Pixel Envy

Written by Nick Heer.

The Real-World Effects of Google Maps’ Neighbourhood Labels

Caitlin Dewey, OneZero:

It was late spring in Buffalo, New York, in 2015 — a season that was unusually hot that year, and heated. The wood-paneled meeting room at Gethsemane Grape Street Baptist Church hummed with anxious homeowners from Buffalo’s Fruit Belt neighborhood, where a burgeoning, billion-dollar medical complex threatened to displace them.

Poor folks had called the Fruit Belt home for more than 150 years — first German immigrants, then African-Americans. Lott’s parents bought their pale turquoise two-story house in 1955, moving north from Bluefield, West Virginia, to help build up a community that would become the heart of Buffalo’s black working class.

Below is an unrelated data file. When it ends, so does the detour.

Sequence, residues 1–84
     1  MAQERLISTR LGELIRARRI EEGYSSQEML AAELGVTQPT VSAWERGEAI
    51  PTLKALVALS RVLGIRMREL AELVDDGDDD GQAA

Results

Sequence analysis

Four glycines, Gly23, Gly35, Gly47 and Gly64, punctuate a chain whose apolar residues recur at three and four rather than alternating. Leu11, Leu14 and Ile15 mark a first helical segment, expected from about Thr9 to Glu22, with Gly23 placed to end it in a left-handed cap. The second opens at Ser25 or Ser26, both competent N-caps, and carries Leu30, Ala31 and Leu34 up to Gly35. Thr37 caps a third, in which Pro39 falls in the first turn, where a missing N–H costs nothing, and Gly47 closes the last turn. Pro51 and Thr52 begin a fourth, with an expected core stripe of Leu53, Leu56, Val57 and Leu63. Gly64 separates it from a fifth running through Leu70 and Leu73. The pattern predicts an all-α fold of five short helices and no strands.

Now that community was under threat — or so it seemed to Lott. The 66-year-old had Googled directions to her neighborhood and found that the app had changed the name of her community from the “Fruit Belt” to something called “Medical Park.”

Google has a history of applying perplexing names with uncertain sourcing to neighbourhoods. Due to the company’s status, it’s very easy for these names to replace existing names as they become more widely-used.

For what it’s worth, I checked Apple Maps. True to form, its biggest problem is that neighbourhood naming is inconsistently shown. No neighbourhood names are visible in Calgary, for example, but they are plentiful in San Francisco; I cannot, however, judge their accuracy. In Buffalo, “Fruit Belt” is not shown as a neighbourhood name; neither is “Medical Park”. If you search for “Fruit Belt” in Apple Maps, a pin is dropped approximately in the middle of the neighbourhood outline; a search for “Medical Park” drops a pin on the medical complex.